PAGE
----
A critical analysis of the right to counsel as a means to a fair trial for the unrepresented accused in Kenya
Rukwaro, Ruth Wangui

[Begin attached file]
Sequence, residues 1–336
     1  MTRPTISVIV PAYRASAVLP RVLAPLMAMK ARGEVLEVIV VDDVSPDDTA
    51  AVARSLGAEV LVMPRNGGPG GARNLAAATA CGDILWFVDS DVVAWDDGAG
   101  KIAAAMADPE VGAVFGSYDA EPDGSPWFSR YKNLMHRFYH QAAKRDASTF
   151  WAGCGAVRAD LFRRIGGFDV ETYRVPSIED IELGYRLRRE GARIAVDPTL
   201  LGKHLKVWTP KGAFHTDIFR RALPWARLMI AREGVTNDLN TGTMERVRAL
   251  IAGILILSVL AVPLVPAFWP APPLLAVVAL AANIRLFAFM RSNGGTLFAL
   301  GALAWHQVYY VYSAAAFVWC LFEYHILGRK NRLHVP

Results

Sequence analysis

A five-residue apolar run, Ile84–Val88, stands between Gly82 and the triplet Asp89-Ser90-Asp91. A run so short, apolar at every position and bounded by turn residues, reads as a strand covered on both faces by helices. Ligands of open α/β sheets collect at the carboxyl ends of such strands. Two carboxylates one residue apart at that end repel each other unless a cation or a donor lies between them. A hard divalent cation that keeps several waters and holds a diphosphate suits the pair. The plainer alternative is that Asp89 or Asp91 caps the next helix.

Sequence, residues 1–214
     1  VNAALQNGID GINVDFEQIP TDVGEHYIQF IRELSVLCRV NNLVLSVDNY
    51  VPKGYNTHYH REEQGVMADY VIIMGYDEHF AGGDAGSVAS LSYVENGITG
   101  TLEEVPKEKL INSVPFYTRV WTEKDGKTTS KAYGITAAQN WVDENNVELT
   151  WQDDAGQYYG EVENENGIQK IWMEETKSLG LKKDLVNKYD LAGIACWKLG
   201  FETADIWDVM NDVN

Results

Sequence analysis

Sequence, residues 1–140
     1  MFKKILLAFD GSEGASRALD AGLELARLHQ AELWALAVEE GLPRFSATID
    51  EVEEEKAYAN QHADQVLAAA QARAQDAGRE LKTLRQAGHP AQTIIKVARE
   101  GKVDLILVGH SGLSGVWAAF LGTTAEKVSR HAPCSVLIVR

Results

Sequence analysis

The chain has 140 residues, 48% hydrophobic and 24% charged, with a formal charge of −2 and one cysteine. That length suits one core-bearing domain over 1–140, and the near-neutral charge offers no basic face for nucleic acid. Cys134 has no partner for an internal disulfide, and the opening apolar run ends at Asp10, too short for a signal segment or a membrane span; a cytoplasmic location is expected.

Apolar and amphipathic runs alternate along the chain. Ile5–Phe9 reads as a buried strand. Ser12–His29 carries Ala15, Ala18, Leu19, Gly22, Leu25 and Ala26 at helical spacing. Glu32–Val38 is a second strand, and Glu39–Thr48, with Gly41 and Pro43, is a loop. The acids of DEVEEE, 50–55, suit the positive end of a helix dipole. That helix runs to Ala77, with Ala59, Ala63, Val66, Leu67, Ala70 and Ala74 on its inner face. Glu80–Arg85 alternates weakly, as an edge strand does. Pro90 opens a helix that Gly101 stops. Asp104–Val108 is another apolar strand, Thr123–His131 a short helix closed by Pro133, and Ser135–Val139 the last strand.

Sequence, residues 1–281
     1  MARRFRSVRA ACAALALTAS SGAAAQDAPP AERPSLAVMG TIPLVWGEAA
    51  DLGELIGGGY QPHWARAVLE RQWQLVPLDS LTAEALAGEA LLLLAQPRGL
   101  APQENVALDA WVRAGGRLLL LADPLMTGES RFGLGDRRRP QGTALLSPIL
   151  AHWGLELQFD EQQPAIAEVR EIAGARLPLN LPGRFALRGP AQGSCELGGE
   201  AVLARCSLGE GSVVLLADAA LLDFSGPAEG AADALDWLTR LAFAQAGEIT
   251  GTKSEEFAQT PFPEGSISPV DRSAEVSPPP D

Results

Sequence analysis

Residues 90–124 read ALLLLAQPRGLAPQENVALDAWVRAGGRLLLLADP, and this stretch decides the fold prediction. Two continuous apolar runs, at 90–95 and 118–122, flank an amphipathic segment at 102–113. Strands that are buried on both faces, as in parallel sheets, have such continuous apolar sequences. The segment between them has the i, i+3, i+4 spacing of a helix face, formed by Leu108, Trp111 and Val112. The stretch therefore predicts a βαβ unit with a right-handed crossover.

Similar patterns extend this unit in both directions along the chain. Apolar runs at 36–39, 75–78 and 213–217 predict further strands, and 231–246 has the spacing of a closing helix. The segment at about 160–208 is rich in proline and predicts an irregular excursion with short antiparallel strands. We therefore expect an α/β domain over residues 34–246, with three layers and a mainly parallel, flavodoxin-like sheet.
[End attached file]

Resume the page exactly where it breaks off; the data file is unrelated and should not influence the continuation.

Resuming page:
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Right to counsel is a fundamental right in ensuring a fair trial for the accused. In the adversarial legal system, an unrepresented accused is already at a disadvantage in conducting his case as compared to the prosecutor in view of the principle of equality of arms. Pursuant to Article 48, 50(2) (g) and (h), Kenya has an obligation to realise the right to counsel. Police, judges, lawyers, paralegals, and the state are all essential in the criminal justice system to ensure this right. The study investigates how the state approaches the right to counsel for the unrepresented accused by comparing the situation in Kenya to the United Kingdom and South Africa to derive lessons from them.